24 May 2015

Study Supporting Gay Marriage Was Faked

Fake Study
A seemingly groundbreaking and widely publicized study reported in Science magazine this past December 2014 was a fake and the authors are trying to draft a retraction..

The study appeared to show that openly gay activists in California had persuaded conservative voters to change their minds in a lasting way by engaging the voters in "heartfelt, reciprocal and vulnerable conversations" about being gay during door-to-door advocacy campaigns. It was co-authored by Michael J. LaCour, a Ph.D. candidate in political science at the University of California, Los Angeles, and Donald P. Green, a professor at Columbia University.

For the gay rights movement, who have no scientific basis at all to support their claims so far, the results of the study was good news. It suggested that the country’s shift on gay rights was, at least in part, the movement’s doing, and it provided a template for advocacy going forward. Gay rights advocates in Ireland reportedly based their strategy before a national vote on same-sex marriage this May on LaCour and Green’s results.

That was the case until an impeccable report was issued on 19 May by two University of California, Berkeley, graduate students and a Yale professor. They said there are enough questions about the data to warrant retracting the study. Retraction Watch broke the story on 20 May about what students David Broockman (soon to be an assistant professor at Stanford) and Joshua Kalla and Yale professor Peter Aronow found.

The LaCour-Green study had examined the work of activists with the Los Angeles LGBT Center. After California’s gay marriage ban passed in 2008, activists at the center had more than 12,000 one-on-one conversations in Los Angeles neighborhoods with people who overwhelmingly supported the ban. LaCour’s idea was to see if those conversations produced any lasting change. He purportedly designed a randomized experiment to replicate those conversations, with a series of follow-up surveys online to test how the anti-gay voters felt about gay rights and gay marriage over time. Those who were contacted by the openly gay canvassers showed substantially more positive attitudes toward gay marriage as much as nine months later.

At least, that's what the published study said in December. But now it appears those critical follow-up surveys may not have been conducted as described.

Unimpressed with the finding, Broockman and Kala wanted to examine the research. In January 2015, they found some patterns in the data that seemed to be too perfect - statistically speaking, there was less variance in the results than there should have been. Some social scientists had noticed this when the study was first published.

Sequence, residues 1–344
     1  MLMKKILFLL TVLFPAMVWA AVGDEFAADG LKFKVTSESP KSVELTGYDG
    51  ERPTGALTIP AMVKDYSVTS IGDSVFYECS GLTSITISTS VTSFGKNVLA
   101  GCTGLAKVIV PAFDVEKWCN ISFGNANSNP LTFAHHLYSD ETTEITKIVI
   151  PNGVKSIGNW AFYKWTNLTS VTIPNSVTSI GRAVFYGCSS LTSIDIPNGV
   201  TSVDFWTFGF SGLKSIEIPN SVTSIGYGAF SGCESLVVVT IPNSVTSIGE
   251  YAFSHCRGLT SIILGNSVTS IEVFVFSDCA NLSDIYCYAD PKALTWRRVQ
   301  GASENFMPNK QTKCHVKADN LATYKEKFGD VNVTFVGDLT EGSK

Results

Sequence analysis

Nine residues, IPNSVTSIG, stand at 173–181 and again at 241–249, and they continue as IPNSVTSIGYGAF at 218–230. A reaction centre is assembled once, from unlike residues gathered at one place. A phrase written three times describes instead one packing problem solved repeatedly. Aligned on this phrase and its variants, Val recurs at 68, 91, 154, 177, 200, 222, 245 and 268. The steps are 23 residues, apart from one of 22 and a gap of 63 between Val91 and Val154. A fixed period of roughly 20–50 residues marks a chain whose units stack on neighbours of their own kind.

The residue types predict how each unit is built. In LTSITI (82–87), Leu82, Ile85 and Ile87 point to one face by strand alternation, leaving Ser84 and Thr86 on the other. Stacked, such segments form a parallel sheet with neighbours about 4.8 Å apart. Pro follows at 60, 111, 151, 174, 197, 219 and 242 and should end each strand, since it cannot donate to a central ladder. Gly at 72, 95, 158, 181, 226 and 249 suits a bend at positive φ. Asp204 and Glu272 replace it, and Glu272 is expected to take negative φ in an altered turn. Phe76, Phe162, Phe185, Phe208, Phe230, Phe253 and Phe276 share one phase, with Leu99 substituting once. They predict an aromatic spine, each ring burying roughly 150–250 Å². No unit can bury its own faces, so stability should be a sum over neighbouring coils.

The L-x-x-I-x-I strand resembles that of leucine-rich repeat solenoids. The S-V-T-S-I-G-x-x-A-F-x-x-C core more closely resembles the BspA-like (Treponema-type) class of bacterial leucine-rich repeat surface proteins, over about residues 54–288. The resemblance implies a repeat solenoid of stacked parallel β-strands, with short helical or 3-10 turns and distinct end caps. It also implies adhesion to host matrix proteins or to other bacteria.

As Broockman and Kalla continued their work, they wrote in their report, they uncovered more irregularities. When the pair noticed that their own study had a much lower response rate (the proportion of people contacted who actually respond to a survey), they asked the survey firm that allegedly gathered data for LaCour, Qualtrics, how it achieved such a high response rate. They said the firm replied that it had no record of the project.

This is what happened next according to their report and Green's letter to Science:
"The statistical irregularities continued to mount, and the pair recruited Aronow to help with their analysis. Last weekend, Broockman and Kalla contacted Green. Green said that he had joined the study after the data had been collected and thought that the irregularities Broockman and Kalla had uncovered were, indeed, highly suspicious. Green reached out to LaCour’s adviser at UCLA, professor Lynn Vavreck, and the two of them decided that Vavreck would confront LaCour and ask him to provide his data. Initially, LaCour claimed he had accidentally deleted the file with the necessary information, but again Qualtrics said it could not verify that the data had been deleted or that the study took place. It seemed increasingly clear to Green that no follow-up surveys had ever been conducted and that LaCour may have taken data from existing studies and manipulated the numbers to achieve the results he wanted."
Green said that he was shocked and dismayed by the revelations about the data set. "There was a mountain of fabrication," he said. "Graphs and charts and anecdotes and stories of every possible sort about these surveys. So it didn’t occur to me that the whole thing was fabricated because every time I had a question, it seemed as though [LaCour] had an answer."